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Migrants stranded ‘all over the world’ and at risk from coronavirus

“Health is the new wealth,” António Vitorino insisted, citing proposals by some countries to introduce so-called immunity passports and use mobile phone apps that are designed to prevent the spread of new coronavirus.

The IOM Director General also warned that in future, even more onerous health-related travel restrictions might discriminate disproportionately against migrant workers.

“In lots of countries in the world, we already have a system of screening checks to identify the health of migrants, above all malaria, tuberculosis…HIV-AIDS, and now I believe that there will be increased demands in health controls for regular migrants,” he said.

Already, travel restrictions to try to limit the spread of the pandemic had left people on the move more vulnerable than ever and unable to work to support themselves, Mr. Vitorino told journalists via videoconference.

“There are thousands of stranded migrants all over the world,” he said. “In South-East Asia, in East Africa, in Latin America, because of the closing of the borders and with the travel restrictions, lots of migrants who were on the move; some of them wanted to return precisely because of the pandemic.”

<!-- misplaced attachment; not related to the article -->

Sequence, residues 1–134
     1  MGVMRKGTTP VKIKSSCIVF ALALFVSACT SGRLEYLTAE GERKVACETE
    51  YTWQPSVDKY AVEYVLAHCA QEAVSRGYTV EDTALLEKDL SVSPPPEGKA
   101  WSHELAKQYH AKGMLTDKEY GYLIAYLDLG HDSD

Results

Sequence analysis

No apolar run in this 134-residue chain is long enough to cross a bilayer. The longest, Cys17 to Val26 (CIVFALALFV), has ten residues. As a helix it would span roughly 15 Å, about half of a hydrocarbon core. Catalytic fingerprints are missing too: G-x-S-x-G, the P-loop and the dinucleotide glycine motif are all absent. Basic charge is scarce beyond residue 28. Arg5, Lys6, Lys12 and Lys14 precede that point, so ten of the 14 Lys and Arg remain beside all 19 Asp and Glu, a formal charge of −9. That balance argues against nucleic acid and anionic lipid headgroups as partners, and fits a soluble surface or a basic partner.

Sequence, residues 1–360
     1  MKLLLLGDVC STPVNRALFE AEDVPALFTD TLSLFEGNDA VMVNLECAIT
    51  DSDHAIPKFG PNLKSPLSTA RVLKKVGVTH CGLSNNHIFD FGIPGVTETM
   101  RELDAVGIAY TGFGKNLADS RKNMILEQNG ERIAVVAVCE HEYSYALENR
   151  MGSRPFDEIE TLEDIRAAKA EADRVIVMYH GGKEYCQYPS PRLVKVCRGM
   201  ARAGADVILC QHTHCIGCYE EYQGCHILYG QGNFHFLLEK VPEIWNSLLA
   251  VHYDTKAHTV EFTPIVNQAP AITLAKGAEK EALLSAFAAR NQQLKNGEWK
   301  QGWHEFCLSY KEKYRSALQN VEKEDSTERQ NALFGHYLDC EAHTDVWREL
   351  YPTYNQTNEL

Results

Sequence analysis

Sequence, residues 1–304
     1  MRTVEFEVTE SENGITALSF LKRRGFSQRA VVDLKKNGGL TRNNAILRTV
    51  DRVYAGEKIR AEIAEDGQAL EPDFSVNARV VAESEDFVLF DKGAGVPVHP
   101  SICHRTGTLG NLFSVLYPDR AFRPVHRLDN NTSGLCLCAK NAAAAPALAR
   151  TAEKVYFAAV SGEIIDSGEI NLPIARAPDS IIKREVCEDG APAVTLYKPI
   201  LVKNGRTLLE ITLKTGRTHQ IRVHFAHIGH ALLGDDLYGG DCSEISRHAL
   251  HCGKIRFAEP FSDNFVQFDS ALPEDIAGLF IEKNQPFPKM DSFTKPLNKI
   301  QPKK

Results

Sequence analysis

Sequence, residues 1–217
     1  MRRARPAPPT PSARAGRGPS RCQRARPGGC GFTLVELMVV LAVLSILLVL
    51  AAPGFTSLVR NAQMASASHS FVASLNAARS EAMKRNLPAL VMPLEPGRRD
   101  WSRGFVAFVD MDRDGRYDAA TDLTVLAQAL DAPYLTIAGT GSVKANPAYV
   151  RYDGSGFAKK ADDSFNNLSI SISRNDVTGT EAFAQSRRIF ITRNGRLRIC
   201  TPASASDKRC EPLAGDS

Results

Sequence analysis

Blocked at borders

Refugees and migrants gather at the Pazarkule border crossing near Edirne, Turkey, hoping to cross over into Greece., by © UNICEF/Özgür Ölçer

He added: They are blocked, some in large groups, some in small groups, in the border areas, in very difficult conditions, without access to minimal care, especially health screening….We have been asking the Governments to allow the humanitarian workers and the health workers to have access to (them).”

Turning to Venezuelan migrants, who are believed to number around five million amid a worsening economic crisis in the country, the IOM chief explained that “thousands…have lost their jobs in countries like Ecuador and Colombia and are returning back to Venezuela in large crowds without any health screening and being quarantined when they go back.”

In a statement, IOM highlighted the plight of migrants left stranded in the desert in west, central, and eastern Africa, either after having been deported without due process, or abandoned by smugglers.

To help them, agency teams continue to conduct search and rescue in the desert, provide shelter, health assistance and support to hundreds of stranded migrants every week.

Preventing infection in camps

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IOM’s immediate priorities for migrants include ensuring that they have access to health care and other basic social welfare assistance in their host country.

Among the UN agency’s other immediate concerns is preventing the spread of new coronavirus infection in the more than 1,100 camps that it manages across the world.

They include the Cox’s Bazar complex in Bangladesh, home to around one million mainly ethnic Rohingya from Myanmar, the majority having fled persecution that was likened to ethnic cleansing by former top UN rights official Zeid Ra’ad Al Hussein.